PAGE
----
I wake up an hour before sunrise to start loading the car. All my furniture has been donated and I’ve shipped most of my clothes; what remains is cookware, paintings, pillows. The Bundt pan collection gets the passenger seat. After adjusting some items to keep the rearview mirror clear, I go back into the apartment to do one last check. The only thing I’ve forgotten is my phone, which is lying on the floor charging. There’s a missed call from Ricky.
“Today is move-out day?” he says when I call back.
“Yeah, the car is all packed. I’ll send you a pic.”
I hear a mouse click and Ricky typing.
“Twenty-seven-hour drive. You’re splitting it up over a week, right?”
“The plan is to do it in three days. Four max.”
“Don’t wait for the gas light to turn on to fill up. Stop and refill when you get to a half tank.”
“Yeah. I’ll do that. I shouldn’t have to fill up too often though. I bought a hybrid.”
At first, I drive in silence, cautious and alert as I exit the city, finally turning on music when the highway widens in the transition to the suburbs. I listen to a shuffle of my saved songs and the road becomes a treadmill. I take one hand off the wheel, tapping along to The Killers.
I stop for a bathroom break after about four hours. I’d forgotten about gas stations, how they feel like being inside one of those claw machine arcade games filled with bright novelty items: plush toys and phone cases and candy and possibly a tablet computer. I leave with a box of coconut water and a lighter.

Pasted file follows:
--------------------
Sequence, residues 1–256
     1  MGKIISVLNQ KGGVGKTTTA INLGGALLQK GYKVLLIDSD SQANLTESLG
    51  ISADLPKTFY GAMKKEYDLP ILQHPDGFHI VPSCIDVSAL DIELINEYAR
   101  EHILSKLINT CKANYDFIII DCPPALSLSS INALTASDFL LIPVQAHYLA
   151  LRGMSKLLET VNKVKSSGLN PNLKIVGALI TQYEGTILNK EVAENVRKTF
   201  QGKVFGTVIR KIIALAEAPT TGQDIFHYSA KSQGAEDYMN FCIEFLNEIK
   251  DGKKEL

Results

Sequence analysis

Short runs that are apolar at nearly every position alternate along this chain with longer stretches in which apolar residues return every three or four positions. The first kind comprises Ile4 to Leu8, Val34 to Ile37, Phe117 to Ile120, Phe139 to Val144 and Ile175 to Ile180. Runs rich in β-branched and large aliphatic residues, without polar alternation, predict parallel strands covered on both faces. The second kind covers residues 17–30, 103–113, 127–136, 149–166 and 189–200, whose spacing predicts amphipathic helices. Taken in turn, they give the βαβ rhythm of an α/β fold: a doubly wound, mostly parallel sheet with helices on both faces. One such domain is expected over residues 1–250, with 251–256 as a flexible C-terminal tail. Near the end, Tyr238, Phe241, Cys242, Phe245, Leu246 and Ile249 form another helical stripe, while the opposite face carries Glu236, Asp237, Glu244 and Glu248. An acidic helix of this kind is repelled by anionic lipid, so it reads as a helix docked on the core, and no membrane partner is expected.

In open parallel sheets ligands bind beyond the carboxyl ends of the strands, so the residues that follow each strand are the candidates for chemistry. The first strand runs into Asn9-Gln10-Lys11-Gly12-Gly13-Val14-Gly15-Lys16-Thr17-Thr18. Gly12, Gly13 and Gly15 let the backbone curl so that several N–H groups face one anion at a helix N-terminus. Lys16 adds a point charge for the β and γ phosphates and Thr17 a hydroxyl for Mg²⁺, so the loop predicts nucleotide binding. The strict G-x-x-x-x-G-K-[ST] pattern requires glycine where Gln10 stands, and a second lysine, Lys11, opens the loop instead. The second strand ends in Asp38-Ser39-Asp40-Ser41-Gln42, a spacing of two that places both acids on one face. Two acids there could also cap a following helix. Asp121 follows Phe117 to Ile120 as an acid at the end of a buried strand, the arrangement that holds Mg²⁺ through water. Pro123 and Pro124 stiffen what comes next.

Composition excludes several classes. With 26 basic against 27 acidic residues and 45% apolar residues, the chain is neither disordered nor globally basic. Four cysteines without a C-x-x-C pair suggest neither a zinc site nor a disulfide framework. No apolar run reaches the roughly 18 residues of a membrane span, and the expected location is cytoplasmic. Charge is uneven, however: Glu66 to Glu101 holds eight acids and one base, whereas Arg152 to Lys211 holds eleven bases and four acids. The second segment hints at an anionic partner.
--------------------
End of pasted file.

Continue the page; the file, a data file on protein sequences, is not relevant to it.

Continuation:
Later, back on the road, a woman in the car in front of me is singing like she’s on stage. I’m transfixed, watching her perform through her left side mirror, trying to conjure the music that has her so entranced. And then I slam on the brakes, nearly rear ending her. High beams flare menacingly behind me and I grip the wheel with both hands. I almost hit someone again less than twenty minutes later. I can’t focus on the road because I’m hungry, I decide. I take the next exit. I’ve barely used a quarter tank, but I get gas anyway, filling up the tank in less than a minute. Inside, the gas station smells like hot dog water and my appetite dissolves. I go to the bathroom and force myself to pee. The bathroom has brownish gray tiles on the floor and walls. The sink is automatic and so is the towel dispenser, but it doesn’t dispense. I wave my hands wildly in front of the black box. Then, I stop. I take a breath and I tell myself I am the paper towel dispenser.
I wait for a moment before waving my hand again. No towel. I pat my hands on my pants and walk back to the car.
A teenage boy is parked on the other side of my gas pump. He lunges his body over the hood of his truck, squeegee in hand. After a few swipes on his windshield, he dips the squeegee back into the crevice of blue cleaning solution conjoined to the trash bin. A paper towel hangs suspended above the liquid. I pull out three and face my car as I wipe my hands. My blurred reflection watches me from the driver side window. In the city, I basked in my invisibility. But I won’t be able to hide in plain sight anymore. I straighten my posture.
I am the car.
I turn around to toss the used towels and when I turn back my reflection is gone.
All I can see is the inside of the car, filled with my belongings.
Parth Shah is an MFA candidate in fiction at the University of Wyoming. Prior to graduate school, he produced podcasts for NPR. He logs his work at parth-shah.com.